May 09, 2013

Euthyphro Dilemma: God is irrelevant to ethics?

Socrates (469-399 BC)
By Hendrik van der Breggen
The Carillon, May 9, 2013

Euthyphro Dilemma: God is irrelevant to ethics?

Some philosophers object to the idea that the Christian God is the basis of ethics because of what's called the Euthyphro dilemma, taken from the work of the ancient philosopher Plato (c. 429-347 BC).

(Euthyphro is a character in one of Plato’s dialogues by the same name wherein Socrates, who was Plato's teacher and whom Plato greatly admired, questions Euthyphro’s understanding of the relationship between the gods and moral value.)

The question raised by the Euthyphro dilemma is this: Does God will something because it is good, or is it good because God wills it? Both options, it is alleged, make God irrelevant to ethics.

On the one hand, if God wills something because it is good, then this would imply that there is a standard of goodness which is independent of God. The goodness of the thing is why God wills it, which means that even God is subservient to the good. So we don’t need God for ethics.

On the other hand, if something is good because God wills it, then this would make God's will seem morally ungrounded and capricious. God's will would make an action good, so whatever God wills would be right. But this means that God could will, say, child abuse and rape, and so child abuse and rape would be right. Of course, we already know that such behaviours are evil. So we (again) don't need God for ethics.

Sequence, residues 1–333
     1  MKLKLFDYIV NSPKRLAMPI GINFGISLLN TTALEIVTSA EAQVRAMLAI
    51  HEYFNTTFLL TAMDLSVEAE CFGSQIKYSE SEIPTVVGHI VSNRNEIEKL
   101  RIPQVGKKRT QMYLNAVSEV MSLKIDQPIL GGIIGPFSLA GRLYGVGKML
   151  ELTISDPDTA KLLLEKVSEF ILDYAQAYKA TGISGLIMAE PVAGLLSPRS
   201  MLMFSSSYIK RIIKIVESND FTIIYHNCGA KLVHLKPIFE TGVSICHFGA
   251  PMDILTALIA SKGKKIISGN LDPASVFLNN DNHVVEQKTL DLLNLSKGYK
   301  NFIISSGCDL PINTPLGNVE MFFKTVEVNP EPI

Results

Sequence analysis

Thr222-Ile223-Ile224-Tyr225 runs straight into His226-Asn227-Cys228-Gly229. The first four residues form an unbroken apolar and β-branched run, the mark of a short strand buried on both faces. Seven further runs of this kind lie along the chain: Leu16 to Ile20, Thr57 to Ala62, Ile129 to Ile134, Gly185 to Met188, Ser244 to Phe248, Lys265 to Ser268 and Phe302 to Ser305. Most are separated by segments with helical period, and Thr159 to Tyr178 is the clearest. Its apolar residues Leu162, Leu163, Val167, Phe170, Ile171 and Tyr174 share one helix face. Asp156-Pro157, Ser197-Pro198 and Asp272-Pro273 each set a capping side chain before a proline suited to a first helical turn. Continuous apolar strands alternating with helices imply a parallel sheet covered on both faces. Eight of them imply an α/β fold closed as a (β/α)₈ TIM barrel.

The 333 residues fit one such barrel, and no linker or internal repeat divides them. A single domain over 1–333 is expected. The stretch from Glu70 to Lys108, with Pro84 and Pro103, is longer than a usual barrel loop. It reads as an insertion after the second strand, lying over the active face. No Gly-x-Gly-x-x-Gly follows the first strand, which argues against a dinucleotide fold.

Either way, according to the Euthyphro dilemma, God isn’t the foundation of ethics. Or so the objection goes.

Is the objection reasonable? Answer: No.

It turns out that there is a third option which allows us to escape the horns of the Euthyphro dilemma: i.e., God is the standard of good and God wills something because doing so is an expression of God’s essentially good nature.

At this juncture, it may help to remember Plato's metaphysical understanding of reality. Plato distinguishes between The Good, i.e., the absolute Form (idea/ideal), and a demiurge, i.e., a god-like being (craftsman/artisan). On Plato's view, the demiurge is distinct from and subservient to The Good; the demiurge is a part of the cosmos; and the demiurge's role is to add pre-existent eternal forms/ structures to the formless stuff of the cosmos.

According to the Christian conception of God, however, God is significantly unlike Plato's demiurge. Rather, God is the Creator of the cosmos (including all its stuff, formless or not) and God also is The Good. This means that, contrary to the first horn of the Euthyphro dilemma, goodness is not independent of God.

Moreover, according to the Christian view of God, God’s will is subject to and reflects God's own unchangeably good nature. God can only do and will that which is in accordance with His own nature, which is perfect goodness itself. This means that, contrary to the second horn of the Euthyphro dilemma, God's will is not morally ungrounded or capricious.

Contemporary Christian philosopher William Lane Craig (in his book On Guard) clarifies: “[M]oral values are not independent of God because God’s own character defines what is good. God is essentially compassionate, fair, kind, impartial, and so on. His nature is the moral standard defining good and bad.”

Craig continues: “[God's] commands necessarily reflect His moral nature. Therefore, they’re not arbitrary.”

Craig adds: “When the [critic] demands, ‘If God were to command child abuse [or rape], would we be obligated to abuse our children [or commit rape]?” he’s asking a question like ‘If there were a square circle, would its area be the square of one of its sides?’ There is no answer because what it supposes is logically impossible.”